6. Put your family’s faith into action. Children learn by doing. Serve soup at a soup kitchen. Donate gently used toys to a women’s shelter. Sponsor a child. Take a card to a sick friend. Take out the trash for an elderly neighbor. Do something to brighten someone’s day. As a family, make putting your faith into action a priority. When you do, your children will see the importance of sharing the love of Christ, helping those in need and having compassion toward others.

7. Encourage Saturday night sleepovers. When Andrew realized Jesus was the Messiah, he went and brought his brother Simon to meet Christ (John 1:41,42). One of the best ways to provide an opportunity for your children to invite a friend to church is to host the best Saturday night sleepovers, followed by church Sunday morning. When your house rule is that everyone goes to church on Sunday, it’s less awkward for your child to extend the invitation. Making your home the hangout where kids want to be can help other children associate good hospitality, kindness and gentleness with the foundations of a faith-filled family.

8. Encourage your children to use their talents for God’s glory. Perhaps your child plays a sport or a musical instrument. Do they know they can use their talents as a means of sharing their faith? By simply showing good sportsmanship and having Christlike behavior during practices and games, your child is showing others the character of Christ. If your children play instruments, encourage them to be part of the worship team or to participate in the children’s choir.

9. Teach children to respond to situations in prayer. One of the most effective ways your children can share their faith is by having an active prayer life. Teach your children to respond to every situation with prayer. Prayer is usually more effective than any piece of advice we can give. Is your child’s friend scared because his mom is sick? Encourage your child to call his friend or to pray with him face-to-face that he won’t be scared and for his mom to be well. Encourage your children to always have the phrase, “Can I pray with you?” at the tip of their tongue. Teach them that when they don’t know how to respond to a situation, they can always pray.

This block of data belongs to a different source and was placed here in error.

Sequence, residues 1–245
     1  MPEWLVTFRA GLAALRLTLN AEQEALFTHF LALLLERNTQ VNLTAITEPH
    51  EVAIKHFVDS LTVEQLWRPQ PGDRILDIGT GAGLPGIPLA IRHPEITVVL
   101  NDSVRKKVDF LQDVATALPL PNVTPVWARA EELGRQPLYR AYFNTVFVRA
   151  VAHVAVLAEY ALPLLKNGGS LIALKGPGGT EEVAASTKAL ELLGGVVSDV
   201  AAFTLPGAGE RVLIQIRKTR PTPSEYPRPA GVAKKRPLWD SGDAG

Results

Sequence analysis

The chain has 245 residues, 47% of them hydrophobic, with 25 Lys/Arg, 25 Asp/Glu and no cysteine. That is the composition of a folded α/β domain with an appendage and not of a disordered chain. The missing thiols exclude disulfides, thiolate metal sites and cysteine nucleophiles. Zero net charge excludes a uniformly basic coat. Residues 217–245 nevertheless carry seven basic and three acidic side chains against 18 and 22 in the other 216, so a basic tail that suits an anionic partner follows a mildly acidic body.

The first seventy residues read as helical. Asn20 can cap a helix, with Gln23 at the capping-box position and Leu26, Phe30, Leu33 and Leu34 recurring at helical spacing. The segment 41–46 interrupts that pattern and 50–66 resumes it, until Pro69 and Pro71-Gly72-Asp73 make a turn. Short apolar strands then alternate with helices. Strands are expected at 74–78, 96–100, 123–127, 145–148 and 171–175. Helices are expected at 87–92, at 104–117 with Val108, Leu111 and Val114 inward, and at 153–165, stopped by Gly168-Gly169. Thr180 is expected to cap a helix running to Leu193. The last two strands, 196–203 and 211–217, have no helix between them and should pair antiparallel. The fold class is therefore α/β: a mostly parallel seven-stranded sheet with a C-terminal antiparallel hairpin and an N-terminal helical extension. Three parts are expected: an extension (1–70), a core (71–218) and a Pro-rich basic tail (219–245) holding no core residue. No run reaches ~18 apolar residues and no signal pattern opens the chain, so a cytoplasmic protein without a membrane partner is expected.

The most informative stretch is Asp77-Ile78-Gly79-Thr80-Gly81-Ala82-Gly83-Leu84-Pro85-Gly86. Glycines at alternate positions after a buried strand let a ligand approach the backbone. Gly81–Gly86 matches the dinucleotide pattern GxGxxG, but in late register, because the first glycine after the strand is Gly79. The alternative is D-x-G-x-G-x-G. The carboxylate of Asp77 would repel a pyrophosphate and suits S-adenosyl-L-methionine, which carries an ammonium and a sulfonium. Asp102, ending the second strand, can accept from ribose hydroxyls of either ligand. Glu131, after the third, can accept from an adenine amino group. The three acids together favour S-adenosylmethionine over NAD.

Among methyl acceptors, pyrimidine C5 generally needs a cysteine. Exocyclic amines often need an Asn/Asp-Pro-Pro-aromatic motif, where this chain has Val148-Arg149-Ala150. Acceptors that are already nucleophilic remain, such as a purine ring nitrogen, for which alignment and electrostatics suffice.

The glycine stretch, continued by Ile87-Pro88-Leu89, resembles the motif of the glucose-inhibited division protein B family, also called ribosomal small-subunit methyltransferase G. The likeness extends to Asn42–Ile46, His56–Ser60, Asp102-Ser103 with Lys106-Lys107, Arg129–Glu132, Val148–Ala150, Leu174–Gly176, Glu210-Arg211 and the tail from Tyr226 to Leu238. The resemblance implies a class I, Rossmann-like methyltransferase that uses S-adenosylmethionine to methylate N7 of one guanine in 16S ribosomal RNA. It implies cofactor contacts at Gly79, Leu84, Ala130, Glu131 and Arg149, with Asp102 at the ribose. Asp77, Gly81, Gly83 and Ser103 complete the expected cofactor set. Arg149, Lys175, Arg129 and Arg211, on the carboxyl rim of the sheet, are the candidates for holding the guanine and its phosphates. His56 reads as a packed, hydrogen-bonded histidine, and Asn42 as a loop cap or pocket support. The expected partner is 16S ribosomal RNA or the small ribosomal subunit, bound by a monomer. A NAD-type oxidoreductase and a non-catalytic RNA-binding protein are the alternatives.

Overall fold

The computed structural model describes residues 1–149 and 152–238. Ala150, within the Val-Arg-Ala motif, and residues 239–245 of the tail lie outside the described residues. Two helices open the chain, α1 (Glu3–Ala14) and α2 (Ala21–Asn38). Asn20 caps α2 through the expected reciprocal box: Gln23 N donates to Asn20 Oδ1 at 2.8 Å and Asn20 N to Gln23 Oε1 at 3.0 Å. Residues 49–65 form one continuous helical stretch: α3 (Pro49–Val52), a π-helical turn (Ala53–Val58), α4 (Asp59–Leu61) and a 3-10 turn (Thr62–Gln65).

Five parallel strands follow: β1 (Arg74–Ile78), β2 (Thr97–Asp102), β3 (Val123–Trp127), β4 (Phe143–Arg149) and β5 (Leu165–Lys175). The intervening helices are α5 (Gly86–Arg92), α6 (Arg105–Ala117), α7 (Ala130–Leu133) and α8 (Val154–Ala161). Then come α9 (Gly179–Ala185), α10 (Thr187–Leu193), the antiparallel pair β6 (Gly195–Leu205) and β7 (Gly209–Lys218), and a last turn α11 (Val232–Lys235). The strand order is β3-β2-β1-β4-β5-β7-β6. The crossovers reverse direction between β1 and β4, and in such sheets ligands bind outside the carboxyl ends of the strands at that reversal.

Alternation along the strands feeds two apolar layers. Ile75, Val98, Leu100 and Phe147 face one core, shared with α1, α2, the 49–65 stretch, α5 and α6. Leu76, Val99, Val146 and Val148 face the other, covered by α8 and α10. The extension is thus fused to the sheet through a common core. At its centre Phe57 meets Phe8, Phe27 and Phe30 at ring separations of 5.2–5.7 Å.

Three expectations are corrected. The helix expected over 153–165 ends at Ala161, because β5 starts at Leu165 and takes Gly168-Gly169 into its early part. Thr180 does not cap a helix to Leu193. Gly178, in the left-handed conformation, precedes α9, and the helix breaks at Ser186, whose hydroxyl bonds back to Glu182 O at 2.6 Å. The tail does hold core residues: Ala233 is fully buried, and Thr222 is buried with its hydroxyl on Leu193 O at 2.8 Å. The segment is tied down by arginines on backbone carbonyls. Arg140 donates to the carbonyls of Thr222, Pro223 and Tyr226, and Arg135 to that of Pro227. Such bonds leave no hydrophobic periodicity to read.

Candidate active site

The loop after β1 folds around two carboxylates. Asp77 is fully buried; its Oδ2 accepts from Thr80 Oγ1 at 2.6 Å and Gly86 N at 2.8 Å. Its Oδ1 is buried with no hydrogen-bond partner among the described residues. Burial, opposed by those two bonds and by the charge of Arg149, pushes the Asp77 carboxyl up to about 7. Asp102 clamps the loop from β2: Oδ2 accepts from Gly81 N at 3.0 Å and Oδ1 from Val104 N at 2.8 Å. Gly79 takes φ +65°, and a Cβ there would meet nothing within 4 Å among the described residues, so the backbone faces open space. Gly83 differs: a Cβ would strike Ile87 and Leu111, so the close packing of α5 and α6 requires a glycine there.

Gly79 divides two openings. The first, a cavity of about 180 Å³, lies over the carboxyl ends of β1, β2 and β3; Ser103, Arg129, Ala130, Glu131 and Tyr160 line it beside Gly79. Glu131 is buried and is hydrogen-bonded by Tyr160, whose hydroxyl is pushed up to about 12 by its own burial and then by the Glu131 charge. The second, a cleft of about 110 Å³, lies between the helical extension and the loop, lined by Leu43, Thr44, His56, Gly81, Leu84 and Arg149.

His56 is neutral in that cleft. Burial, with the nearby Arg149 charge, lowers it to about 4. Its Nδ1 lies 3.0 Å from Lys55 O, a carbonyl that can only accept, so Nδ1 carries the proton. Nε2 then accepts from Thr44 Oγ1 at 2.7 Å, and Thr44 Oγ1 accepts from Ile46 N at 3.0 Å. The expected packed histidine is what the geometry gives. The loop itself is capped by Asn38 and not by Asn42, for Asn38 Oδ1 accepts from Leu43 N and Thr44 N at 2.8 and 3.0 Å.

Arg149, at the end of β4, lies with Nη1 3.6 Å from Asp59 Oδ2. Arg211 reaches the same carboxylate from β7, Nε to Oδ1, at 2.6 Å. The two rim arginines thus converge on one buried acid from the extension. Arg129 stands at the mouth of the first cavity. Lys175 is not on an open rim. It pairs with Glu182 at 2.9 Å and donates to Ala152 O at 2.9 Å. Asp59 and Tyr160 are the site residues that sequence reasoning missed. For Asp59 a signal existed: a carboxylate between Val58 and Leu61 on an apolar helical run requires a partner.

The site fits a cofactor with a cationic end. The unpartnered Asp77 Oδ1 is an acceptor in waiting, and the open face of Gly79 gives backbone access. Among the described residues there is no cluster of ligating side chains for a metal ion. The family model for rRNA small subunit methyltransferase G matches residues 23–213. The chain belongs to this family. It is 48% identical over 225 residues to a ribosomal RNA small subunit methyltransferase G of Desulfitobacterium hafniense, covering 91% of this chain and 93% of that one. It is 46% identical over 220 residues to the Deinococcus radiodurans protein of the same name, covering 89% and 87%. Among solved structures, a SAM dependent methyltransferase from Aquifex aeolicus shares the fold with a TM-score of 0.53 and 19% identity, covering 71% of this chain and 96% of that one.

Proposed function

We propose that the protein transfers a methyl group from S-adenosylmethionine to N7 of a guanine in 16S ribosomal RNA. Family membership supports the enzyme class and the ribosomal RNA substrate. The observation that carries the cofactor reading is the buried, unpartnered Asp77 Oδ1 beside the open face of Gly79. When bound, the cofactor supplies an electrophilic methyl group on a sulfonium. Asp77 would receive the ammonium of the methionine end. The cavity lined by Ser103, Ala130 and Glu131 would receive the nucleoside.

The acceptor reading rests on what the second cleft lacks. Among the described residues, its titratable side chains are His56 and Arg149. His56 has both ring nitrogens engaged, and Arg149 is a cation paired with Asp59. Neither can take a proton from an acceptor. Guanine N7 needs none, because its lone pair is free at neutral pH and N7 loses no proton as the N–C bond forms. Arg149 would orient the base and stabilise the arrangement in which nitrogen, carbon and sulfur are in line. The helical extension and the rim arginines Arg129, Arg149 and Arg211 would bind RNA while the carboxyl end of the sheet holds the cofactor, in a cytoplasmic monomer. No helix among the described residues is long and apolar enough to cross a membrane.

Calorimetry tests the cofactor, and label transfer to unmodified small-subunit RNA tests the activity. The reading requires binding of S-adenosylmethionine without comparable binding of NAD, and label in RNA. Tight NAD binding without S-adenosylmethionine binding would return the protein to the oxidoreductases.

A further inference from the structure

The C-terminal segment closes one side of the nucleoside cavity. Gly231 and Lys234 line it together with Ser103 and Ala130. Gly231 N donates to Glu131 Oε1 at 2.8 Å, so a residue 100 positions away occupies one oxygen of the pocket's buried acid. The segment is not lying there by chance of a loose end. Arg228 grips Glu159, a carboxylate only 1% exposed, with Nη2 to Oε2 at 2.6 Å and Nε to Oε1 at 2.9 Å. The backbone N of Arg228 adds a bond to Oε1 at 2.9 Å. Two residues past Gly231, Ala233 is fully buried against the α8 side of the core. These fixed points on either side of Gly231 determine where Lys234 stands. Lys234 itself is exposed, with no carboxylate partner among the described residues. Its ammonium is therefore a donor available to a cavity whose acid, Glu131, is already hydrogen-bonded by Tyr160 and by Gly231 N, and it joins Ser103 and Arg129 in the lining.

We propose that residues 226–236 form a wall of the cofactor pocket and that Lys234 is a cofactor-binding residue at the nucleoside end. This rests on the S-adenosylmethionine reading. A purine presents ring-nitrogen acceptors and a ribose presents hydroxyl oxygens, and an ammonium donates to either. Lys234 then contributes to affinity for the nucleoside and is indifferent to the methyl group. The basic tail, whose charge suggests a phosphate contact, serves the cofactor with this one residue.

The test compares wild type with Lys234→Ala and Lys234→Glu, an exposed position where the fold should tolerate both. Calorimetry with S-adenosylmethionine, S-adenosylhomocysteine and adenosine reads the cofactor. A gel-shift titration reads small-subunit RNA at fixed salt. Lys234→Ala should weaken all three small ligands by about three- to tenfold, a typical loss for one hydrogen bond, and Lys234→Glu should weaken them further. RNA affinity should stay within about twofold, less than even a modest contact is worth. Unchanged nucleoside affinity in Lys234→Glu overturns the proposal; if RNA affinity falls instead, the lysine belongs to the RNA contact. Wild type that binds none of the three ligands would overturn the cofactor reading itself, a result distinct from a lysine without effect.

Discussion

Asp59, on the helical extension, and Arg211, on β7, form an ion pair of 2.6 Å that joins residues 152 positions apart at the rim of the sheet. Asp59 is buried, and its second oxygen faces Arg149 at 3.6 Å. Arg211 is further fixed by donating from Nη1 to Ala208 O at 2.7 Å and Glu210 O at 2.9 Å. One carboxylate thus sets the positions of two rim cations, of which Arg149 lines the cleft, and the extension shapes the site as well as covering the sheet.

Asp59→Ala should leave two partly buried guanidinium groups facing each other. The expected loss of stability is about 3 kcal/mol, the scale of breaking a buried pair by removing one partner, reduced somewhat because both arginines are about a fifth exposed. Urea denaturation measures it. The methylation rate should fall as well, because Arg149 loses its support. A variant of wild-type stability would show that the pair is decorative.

10. Teach your children to pray for unbelieving friends and for opportunities to share their faith with them. There’s hardly a confidence booster more effective than praying for opportunities to share your faith with friends and seeing those opportunities come to pass. Encourage your children to make praying for their unbelieving friends part of their daily prayers. Ask each child to make a list of their unbelieving friends and to tuck the list away inside of their Bible. Doing so will serve as a reminder to pray and as a reminder to praise when a friend comes to know the Lord.


Faith-sharing parents raise faith-sharing kids. Actively share your faith with your children and celebrate every attempt your children make to communicate the good news. You will play a vital role in effectively empowering them to share their faith with the world throughout life.


MICHELLE LaROWE is the author of the parenting series Nanny to the Rescue! and is the 2004 International Nanny Association Nanny of the Year. She attends Faith Assembly of God in Hyannis, Mass.

Email your comments to pe@ag.org.